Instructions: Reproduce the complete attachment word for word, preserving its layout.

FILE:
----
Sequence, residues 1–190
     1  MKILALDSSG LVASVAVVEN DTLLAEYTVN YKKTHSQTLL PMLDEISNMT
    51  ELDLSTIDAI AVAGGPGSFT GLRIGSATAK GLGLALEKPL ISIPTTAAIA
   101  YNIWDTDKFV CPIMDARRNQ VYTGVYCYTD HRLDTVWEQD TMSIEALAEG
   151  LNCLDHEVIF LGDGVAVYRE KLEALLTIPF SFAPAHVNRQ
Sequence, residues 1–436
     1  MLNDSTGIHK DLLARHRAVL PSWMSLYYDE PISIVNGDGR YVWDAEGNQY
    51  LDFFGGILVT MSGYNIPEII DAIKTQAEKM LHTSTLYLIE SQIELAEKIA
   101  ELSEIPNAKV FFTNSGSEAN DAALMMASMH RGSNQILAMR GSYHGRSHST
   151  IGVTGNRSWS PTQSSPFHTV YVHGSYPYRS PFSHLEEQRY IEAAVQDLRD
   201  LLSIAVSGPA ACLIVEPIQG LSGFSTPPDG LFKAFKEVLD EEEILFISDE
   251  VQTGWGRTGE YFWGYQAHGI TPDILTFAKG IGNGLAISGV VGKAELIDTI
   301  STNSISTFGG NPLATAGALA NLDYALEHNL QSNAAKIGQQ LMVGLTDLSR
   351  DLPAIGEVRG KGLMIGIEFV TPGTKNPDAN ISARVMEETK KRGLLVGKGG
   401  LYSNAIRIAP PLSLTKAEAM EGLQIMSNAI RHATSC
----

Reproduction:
Sequence, residues 1–190
     1  MKILALDSSG LVASVAVVEN DTLLAEYTVN YKKTHSQTLL PMLDEISNMT
    51  ELDLSTIDAI AVAGGPGSFT GLRIGSATAK GLGLALEKPL ISIPTTAAIA
   101  YNIWDTDKFV CPIMDARRNQ VYTGVYCYTD HRLDTVWEQD TMSIEALAEG
   151  LNCLDHEVIF LGDGVAVYRE KLEALLTIPF SFAPAHVNRQ
Sequence, residues 1–436
     1  MLNDSTGIHK DLLARHRAVL PSWMSLYYDE PISIVNGDGR YVWDAEGNQY
    51  LDFFGGILVT MSGYNIPEII DAIKTQAEKM LHTSTLYLIE SQIELAEKIA
   101  ELSEIPNAKV FFTNSGSEAN DAALMMASMH RGSNQILAMR GSYHGRSHST
   151  IGVTGNRSWS PTQSSPFHTV YVHGSYPYRS PFSHLEEQRY IEAAVQDLRD
   201  LLSIAVSGPA ACLIVEPIQG LSGFSTPPDG LFKAFKEVLD EEEILFISDE
   251  VQTGWGRTGE YFWGYQAHGI TPDILTFAKG IGNGLAISGV VGKAELIDTI
   301  STNSISTFGG NPLATAGALA NLDYALEHNL QSNAAKIGQQ LMVGLTDLSR
   351  DLPAIGEVRG KGLMIGIEFV TPGTKNPDAN ISARVMEETK KRGLLVGKGG
   401  LYSNAIRIAP PLSLTKAEAM EGLQIMSNAI RHATSC